Workers Demand Schubert Theatres, Sotheby's 'Stop the Discrimination'
Oct. 14, 2011
/PRNewswire-USNewswire/ -- Professional art handlers and their supporters protested outside opening night of the new Broadway play "The Mountaintop" at the Bernard Jacobs Theatre last night. The protesters called on the Schubert Organization, which owns the Jacobs Theatre, and its board to end a three-month-long lockout at Sotheby's Auction House. Schubert Organization board member
is Chairman of the Board of Directors at Sotheby's [NYSE:BID].
Sotheby's locked out its staff of 43 art handlers, most of who are minorities. The workers have been without paychecks since July. "The Mountaintop" is a play that celebrates Dr.
Martin Luther King, Jr.
and his 1968 speech supporting African-American workers in
who fought to improve their jobs and their lives.
The protesters distributed handbills that read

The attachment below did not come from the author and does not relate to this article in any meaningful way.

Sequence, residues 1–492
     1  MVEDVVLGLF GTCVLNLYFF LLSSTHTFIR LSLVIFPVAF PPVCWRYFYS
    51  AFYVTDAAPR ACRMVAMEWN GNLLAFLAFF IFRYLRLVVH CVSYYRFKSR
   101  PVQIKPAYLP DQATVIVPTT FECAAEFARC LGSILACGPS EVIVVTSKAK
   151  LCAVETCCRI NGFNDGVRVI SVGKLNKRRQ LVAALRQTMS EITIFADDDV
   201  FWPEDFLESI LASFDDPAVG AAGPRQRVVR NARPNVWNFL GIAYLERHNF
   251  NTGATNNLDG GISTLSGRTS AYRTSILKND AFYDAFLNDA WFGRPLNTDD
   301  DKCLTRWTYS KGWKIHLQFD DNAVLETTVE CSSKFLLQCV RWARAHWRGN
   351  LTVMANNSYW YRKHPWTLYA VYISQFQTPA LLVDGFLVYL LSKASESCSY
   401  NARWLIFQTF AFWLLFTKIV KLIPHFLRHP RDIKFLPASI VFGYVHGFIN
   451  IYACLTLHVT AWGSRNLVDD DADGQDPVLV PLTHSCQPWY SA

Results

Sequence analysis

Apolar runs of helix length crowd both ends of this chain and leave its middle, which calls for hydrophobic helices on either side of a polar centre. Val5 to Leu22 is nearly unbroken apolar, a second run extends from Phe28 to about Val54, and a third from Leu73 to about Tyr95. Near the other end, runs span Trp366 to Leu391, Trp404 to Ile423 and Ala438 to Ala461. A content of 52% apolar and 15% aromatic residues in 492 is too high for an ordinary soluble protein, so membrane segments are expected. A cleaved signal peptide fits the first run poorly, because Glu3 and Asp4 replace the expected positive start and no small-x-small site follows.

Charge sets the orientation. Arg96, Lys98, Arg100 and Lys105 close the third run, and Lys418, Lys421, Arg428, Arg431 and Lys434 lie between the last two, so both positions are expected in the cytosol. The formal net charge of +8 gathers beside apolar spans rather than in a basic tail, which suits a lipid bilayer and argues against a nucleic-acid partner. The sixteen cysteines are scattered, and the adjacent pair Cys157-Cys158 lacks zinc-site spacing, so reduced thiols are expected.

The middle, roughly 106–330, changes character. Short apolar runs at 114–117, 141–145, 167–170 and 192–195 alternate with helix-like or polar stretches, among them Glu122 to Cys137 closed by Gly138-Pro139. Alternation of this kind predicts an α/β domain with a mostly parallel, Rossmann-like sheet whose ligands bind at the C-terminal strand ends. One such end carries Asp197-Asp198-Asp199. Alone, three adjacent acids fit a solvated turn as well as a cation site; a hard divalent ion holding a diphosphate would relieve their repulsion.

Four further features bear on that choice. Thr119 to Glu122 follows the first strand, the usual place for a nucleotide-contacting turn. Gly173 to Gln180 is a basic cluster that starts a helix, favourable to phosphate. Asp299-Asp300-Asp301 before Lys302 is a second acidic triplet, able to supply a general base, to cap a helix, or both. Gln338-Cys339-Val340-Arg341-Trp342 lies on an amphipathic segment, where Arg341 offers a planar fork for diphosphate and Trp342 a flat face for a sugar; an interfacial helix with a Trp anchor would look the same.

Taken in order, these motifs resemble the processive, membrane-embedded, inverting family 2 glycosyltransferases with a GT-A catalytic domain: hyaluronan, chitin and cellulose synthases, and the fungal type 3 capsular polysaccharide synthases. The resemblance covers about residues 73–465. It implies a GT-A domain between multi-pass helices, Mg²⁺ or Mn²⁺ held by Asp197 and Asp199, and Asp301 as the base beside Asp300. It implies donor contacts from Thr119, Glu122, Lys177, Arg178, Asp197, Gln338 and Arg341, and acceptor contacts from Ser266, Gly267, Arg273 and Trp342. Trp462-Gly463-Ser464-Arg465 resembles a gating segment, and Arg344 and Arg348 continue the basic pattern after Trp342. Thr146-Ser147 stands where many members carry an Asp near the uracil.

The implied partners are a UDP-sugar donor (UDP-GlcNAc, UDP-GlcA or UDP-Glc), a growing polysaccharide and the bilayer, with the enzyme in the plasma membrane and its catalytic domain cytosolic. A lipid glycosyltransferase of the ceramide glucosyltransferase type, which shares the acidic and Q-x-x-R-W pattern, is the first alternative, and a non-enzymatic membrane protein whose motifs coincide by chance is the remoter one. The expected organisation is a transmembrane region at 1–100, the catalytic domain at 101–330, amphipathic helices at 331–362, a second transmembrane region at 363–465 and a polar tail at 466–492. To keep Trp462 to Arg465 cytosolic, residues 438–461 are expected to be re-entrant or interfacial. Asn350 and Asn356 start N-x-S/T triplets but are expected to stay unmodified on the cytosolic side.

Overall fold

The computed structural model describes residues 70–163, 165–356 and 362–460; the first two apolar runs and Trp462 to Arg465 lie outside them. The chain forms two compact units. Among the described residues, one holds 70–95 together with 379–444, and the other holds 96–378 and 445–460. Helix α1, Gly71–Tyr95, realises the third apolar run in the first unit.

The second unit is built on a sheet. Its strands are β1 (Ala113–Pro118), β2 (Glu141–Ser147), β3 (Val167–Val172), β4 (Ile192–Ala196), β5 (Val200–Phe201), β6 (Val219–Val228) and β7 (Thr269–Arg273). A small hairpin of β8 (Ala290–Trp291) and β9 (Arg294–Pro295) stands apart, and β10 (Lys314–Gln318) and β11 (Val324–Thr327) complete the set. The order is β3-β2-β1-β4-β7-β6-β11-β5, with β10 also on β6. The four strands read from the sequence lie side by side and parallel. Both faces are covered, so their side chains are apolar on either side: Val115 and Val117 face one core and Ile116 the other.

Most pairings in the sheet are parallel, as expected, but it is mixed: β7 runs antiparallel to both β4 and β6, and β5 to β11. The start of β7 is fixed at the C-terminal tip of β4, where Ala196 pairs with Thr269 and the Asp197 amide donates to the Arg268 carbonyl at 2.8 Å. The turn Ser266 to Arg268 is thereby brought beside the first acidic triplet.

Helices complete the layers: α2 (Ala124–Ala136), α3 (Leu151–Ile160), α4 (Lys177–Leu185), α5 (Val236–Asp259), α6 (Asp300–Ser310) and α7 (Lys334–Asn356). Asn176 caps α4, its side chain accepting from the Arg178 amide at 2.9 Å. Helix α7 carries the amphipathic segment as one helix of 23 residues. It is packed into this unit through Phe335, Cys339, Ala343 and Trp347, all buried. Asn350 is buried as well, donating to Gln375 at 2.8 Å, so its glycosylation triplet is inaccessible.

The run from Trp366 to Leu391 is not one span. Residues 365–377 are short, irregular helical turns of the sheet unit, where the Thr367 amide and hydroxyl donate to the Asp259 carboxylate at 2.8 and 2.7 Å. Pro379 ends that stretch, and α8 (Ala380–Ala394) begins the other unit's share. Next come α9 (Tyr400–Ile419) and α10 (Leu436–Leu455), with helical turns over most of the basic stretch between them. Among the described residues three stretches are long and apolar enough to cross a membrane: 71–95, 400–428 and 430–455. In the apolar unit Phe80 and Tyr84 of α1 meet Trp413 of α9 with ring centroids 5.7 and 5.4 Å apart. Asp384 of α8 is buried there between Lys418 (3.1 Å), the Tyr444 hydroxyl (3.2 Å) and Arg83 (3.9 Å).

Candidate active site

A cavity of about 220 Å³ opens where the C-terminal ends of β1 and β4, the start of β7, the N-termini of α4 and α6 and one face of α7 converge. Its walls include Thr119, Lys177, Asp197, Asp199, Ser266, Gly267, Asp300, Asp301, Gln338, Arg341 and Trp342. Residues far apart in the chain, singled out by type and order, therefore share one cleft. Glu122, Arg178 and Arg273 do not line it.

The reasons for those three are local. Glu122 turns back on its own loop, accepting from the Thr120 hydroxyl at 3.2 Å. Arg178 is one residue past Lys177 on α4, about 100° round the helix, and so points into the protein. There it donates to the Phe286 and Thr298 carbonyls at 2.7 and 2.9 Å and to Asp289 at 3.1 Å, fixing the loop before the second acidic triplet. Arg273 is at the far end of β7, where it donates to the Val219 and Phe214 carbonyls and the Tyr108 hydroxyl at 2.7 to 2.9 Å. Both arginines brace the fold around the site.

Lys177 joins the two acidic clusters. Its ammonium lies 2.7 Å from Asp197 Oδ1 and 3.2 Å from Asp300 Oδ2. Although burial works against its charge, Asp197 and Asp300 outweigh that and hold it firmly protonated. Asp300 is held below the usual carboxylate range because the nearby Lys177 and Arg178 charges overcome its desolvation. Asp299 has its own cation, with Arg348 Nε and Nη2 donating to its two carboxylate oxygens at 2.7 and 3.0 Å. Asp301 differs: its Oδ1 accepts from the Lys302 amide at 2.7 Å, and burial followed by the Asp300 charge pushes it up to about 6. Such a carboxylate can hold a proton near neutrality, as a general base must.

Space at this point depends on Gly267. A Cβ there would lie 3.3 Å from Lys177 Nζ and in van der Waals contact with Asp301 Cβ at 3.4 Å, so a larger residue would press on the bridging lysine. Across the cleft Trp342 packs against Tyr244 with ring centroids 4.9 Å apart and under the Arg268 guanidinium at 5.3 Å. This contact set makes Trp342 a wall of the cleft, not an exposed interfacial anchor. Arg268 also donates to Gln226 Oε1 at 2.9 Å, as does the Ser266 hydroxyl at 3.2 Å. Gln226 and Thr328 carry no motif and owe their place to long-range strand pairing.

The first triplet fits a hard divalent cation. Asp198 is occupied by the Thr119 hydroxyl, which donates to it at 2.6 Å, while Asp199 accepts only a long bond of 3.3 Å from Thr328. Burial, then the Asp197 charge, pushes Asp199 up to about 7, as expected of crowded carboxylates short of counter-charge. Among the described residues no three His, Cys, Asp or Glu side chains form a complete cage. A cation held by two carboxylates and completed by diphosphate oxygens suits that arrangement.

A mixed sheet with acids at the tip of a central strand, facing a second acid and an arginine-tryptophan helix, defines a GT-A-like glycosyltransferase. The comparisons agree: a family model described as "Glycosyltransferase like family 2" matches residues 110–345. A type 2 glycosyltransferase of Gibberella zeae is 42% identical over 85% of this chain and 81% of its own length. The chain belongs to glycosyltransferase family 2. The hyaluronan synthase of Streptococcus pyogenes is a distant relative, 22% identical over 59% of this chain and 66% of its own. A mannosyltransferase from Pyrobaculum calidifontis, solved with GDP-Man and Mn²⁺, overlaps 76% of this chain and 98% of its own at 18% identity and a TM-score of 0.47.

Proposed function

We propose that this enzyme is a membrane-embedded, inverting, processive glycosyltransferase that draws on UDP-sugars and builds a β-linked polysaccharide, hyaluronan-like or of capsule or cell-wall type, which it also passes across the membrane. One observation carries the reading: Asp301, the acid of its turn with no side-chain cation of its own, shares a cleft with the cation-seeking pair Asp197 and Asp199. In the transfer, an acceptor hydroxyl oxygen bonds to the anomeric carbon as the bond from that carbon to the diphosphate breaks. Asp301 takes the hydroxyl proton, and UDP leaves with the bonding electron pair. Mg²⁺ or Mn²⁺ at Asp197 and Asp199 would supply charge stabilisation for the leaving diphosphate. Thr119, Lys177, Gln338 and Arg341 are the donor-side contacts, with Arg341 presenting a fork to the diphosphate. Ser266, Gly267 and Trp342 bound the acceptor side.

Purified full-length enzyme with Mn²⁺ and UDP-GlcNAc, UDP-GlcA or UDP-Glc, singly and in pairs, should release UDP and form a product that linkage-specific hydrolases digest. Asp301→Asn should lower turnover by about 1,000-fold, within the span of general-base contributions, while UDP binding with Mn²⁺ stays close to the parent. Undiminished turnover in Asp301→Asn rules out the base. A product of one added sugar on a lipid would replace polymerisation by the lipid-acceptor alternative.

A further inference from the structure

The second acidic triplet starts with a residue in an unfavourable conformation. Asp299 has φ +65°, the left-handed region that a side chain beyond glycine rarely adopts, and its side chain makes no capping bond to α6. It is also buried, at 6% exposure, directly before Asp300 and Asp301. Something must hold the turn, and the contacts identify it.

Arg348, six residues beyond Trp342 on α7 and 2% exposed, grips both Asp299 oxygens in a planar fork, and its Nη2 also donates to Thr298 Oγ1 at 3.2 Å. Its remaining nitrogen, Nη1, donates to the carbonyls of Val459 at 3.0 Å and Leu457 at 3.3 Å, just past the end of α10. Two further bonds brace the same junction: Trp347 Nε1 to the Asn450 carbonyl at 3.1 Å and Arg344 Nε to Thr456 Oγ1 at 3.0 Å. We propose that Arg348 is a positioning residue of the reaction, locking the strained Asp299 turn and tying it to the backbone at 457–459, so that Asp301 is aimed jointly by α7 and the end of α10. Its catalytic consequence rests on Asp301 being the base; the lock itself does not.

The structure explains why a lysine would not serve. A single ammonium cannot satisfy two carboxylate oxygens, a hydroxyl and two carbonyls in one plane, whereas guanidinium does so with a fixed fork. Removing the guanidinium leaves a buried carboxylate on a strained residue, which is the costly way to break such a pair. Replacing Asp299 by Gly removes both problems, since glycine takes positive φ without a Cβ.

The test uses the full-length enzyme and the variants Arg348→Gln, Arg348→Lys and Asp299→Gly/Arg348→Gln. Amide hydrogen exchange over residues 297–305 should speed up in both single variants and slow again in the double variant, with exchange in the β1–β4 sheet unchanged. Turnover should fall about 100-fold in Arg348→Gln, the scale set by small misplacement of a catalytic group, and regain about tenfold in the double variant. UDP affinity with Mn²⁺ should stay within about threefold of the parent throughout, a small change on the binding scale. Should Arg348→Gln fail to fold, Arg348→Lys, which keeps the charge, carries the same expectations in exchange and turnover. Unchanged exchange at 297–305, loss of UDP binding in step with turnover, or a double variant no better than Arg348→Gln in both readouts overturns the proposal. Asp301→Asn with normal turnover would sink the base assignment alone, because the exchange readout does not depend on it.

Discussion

: Stop the Discrimination" and "America cannot become a better nation when a company like Sotheby's sends workers into poverty and unemployment lines."
"It's unconscionable for Sotheby's and
, who are part of the top 1 percent in this country, to throw hard-working African-American and Latino workers out on the street without paychecks," said
, President of Local 814, which represents the art handlers at Sotheby's.
Despite making more than
in revenue last year, Sotheby's continues to insist on the right to eliminate the workers' retirement plan, and to permanently replace skilled art handlers with inexperienced, outsourced workers.
"The Sotheby's economy is destroying the lives of too many Americans," said
, a 42-year art-handler and member of Local 814. "Wealthy New York institutions like the Schubert and Sotheby's are thriving during this recession, while most of us are struggling. We deserve decent jobs that allow us to keep food on the table for our families."
Founded in 1903, the Teamsters Union represents more than 1.4 million hardworking men and women in
the United States
for more information.